Cell C banner case about revenge: lawyer
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Johannesburg - Cell C's urgent application to take down a banner referring to them as “the most useless service provider in SA” was about revenge, the High Court in Johannesburg heard on Wednesday.
“What this is about is revenge and reprisal,” Shem Symon, for George Prokas, the man responsible for the banner, told the court.
“We have a 1st respondent (Prokas) here who is a consumer advocate. He insists on his right to be heard.”
Replying to Cell C's submission before Judge Sharise Weiner, Symon said Prokas tried to resolve his complaint with the company over an extended period of time prior to the banner being put up.
The banner was put up at the WorldWear Mall on Beyers Naude Drive on November 6.
Appearing professionally printed and bearing the Cell C logo, it was prominently displayed at the mall along the road.
“The most useless service provider in SA - Cell C Sandton City,” it read.
It gave the name of the franchise manager and his phone number, claiming he had said that his “unnamed executive head refuses to assist the customer”.
The dispute arose from a phone Prokas had taken up for his son with Cell C in 2013. The phone's indicated number turned out to belong to and was being used by a different person.
That individual ran up a bill of R5000, by which time Prokas ended the stop-order for the phone in October last year.
However, when attempting to buy a car earlier in 2014, Prokas discovered he was listed as a bad debtor as a result of the unpaid R5000.
He sought to have the bill waived by Cell C and removed from the bad debtors list by the end of October this year.
However, by the end of October the situation had not changed, with Prokas having exchanged e-mails with Cell C, indicating he would put the banner up unless his complaints were dealt with.
After his complaints were allegedly not dealt with, Prokas put the banner up.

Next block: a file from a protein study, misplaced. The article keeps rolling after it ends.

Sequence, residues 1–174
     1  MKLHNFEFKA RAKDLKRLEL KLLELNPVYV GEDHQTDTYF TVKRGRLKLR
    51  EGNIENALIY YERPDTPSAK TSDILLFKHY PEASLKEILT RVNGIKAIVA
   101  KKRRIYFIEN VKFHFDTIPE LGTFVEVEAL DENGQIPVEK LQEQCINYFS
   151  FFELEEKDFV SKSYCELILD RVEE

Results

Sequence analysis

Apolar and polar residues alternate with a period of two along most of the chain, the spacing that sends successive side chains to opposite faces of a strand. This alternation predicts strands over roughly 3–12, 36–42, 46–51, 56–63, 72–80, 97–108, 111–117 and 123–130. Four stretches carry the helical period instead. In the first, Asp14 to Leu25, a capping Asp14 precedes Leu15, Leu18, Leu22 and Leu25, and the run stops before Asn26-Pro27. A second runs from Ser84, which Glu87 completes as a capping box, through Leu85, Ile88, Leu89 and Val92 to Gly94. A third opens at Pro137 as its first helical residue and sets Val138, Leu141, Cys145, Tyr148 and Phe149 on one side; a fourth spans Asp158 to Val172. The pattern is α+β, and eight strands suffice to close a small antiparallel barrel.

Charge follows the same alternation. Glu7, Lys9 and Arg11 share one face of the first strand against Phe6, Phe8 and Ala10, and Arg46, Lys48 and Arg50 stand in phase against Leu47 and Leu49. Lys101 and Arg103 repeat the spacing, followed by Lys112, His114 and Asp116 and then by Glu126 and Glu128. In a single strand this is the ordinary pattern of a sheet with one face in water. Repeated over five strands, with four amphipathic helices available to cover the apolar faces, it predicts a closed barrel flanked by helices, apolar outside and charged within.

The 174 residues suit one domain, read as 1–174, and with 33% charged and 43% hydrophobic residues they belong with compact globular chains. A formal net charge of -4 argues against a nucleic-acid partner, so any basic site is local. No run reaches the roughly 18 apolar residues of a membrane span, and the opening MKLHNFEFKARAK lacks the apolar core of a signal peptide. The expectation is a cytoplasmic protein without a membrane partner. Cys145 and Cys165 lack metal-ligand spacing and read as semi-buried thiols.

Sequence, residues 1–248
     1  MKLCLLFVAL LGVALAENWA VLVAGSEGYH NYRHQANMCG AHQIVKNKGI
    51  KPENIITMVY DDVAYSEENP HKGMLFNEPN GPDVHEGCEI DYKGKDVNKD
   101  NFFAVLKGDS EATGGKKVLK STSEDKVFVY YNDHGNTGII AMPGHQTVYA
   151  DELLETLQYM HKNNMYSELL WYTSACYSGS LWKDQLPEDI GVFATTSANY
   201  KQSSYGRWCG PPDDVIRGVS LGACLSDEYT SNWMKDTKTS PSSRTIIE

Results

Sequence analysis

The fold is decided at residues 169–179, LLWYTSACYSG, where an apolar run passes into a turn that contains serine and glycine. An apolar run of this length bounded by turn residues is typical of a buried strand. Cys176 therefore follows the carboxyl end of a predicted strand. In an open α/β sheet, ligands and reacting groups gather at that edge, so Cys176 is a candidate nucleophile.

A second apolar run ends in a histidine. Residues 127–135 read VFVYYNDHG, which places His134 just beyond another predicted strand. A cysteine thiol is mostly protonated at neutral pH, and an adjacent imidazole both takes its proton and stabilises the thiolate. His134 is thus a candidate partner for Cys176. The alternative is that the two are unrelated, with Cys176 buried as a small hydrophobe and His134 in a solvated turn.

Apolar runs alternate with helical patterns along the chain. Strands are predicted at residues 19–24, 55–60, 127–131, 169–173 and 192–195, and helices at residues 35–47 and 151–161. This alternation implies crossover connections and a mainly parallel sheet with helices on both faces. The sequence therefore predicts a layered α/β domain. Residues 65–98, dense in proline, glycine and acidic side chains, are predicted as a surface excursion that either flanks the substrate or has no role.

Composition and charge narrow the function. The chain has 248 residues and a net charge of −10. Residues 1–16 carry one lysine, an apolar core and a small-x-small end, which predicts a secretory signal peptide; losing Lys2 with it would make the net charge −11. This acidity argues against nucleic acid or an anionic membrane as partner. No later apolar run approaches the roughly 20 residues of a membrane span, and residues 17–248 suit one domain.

The banner had been changed over this weekend, which Prokas had indicated he was not involved in, and now read “Cell C the most useful cellular provider”, with the logo altered.
It was not known who altered the banner.
Symon questioned how the cellphone provider could ask for an interim interdict for something that had already happened.
“I don't really understand, after it has already happened and after it has gone viral,” he said.
The reaction to the banner on social media, following the appearance of pictures of the original banner, was consumers showing their dissatisfaction with poor service.
“This is a... reaction in the modern day electronic media environment of consumers saying no,” Symon said.
At one point in submissions, Judge Weiner remarked: “I wonder who is wishing they had written off the R5000.”
Earlier, Christopher Whittcutt, for Cell C, told the court the banner was defamatory to the point of unlawfulness.
“As it stands, it continues to be unlawful and it is that unlawfulness the applicant seeks to interdict,” he said.
Whittcutt said, paraphrasing Prokas's communication with the company, that Prokas would stop defaming the company if they waived the bill and paid him money.
It had cost Prokas R61 200 to make and put the banner up, which he sought payment for from Cell C, Whittcutt said.
“This is blackmail, as defined in the Oxford English Dictionary.”
Symon, when making his submission, strongly disagreed with Whittcutt's assertion that Prokas had sought to blackmail the company.
Whittcutt said the franchise manager whose number was on the banner had received a “deluge” of messages following it being put up, violating his right to privacy.
Weiner was expected to rule on the matter on Thursday afternoon.